Talks on national vacancy filling scheme


Unions and Cabinet Office discuss changes to national vacancy filling scheme

Civil services unions and the Cabinet Office are discussing changes to the national scheme for filling vacancies.

Job/career options: nurse, doctor, police etc

The move was triggered by revisions to the national redundancy protocol, the Cabinet Office’s desire for a simpler system of advertising vacancies and to remove the ‘surplus’ stage of recruitment.

The current process requires vacancy holders to prioritise internal recruitment before allowing external recruitment:

Stage 1 – Internal advertising within departments, generally level moves.

Stage 2 – a 10-day exclusivity period, giving priority to surplus employees across departments.

Stage 3 – Cross-civil service advertising, regardless of grade, level moves or promotions

Stage 4 – External recruitment, competition that is fair, open and appointments based on merit.

The Cabinet Office wants to remove Stage 2 and is proposing a ‘three options’ approach:

  • ‘Internal’ roles – Where a department is recruiting for skills available only, or almost exclusively, in that department.
  • ‘Cross government’ – Where skills exist across departments and offer the widest opportunities for staff.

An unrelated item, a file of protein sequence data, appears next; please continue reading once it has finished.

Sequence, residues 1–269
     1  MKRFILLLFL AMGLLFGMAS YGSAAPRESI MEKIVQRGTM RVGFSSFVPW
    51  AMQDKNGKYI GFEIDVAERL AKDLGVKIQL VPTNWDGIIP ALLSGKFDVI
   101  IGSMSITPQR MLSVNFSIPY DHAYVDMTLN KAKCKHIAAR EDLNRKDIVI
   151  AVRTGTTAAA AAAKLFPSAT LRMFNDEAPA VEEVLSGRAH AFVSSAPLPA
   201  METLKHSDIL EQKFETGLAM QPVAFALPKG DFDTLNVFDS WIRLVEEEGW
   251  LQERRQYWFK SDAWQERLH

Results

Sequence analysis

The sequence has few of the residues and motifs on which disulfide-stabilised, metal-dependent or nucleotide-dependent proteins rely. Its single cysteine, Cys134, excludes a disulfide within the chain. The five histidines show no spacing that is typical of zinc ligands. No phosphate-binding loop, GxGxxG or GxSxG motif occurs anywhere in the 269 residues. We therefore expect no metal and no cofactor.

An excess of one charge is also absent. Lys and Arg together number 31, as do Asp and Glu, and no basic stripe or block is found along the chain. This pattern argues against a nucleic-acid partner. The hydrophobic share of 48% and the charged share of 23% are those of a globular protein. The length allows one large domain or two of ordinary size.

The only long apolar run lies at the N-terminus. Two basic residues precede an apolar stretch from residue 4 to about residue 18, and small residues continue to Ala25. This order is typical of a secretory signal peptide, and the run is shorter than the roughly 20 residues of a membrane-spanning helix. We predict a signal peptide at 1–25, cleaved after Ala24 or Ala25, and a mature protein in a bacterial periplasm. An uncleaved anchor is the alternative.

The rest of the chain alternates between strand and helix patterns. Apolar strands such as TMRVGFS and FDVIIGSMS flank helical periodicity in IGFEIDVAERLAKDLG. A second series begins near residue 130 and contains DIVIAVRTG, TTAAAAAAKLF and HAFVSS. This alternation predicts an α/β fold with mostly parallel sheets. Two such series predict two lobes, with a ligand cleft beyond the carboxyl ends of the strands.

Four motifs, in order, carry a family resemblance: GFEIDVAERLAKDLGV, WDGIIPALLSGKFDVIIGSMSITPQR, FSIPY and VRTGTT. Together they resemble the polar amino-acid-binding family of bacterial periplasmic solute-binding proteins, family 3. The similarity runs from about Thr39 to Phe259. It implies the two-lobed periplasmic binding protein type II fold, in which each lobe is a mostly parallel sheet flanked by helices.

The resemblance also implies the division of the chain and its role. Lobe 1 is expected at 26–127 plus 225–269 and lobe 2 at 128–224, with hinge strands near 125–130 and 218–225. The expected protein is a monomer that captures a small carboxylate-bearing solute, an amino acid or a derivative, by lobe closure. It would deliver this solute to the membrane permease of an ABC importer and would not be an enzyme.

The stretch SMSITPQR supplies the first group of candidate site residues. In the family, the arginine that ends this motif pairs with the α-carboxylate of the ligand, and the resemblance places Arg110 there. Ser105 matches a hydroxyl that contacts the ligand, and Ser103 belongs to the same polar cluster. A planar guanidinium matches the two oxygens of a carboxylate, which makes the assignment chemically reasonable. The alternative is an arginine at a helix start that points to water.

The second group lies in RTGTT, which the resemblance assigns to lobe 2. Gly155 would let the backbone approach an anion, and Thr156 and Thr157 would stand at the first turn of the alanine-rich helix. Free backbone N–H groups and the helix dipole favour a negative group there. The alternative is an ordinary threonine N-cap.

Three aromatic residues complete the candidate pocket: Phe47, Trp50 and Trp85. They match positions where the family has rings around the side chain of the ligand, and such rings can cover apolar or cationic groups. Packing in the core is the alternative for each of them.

• ‘External roles’ – Where it is believed that skills do not exist in the service, employers will require a specific and justifiable reason to advertise the vacancy externally, such as scarce supply, geographical location or presentational importance of advertising as widely as possible.

The Cabinet Office hopes this approach will recognise the reality of current practice; effectively combine current stages two and three and provide a level of clarity that is currently missing. It also believes staff do not like the label ‘surplus’ and it is unhelpful in getting them placed.

Prospect negotiator Dave Allen said: “The suggested approach sits with the revised redundancy protocol and its much greater emphasis on early and meaningful workforce planning discussions with staff and trade unions.”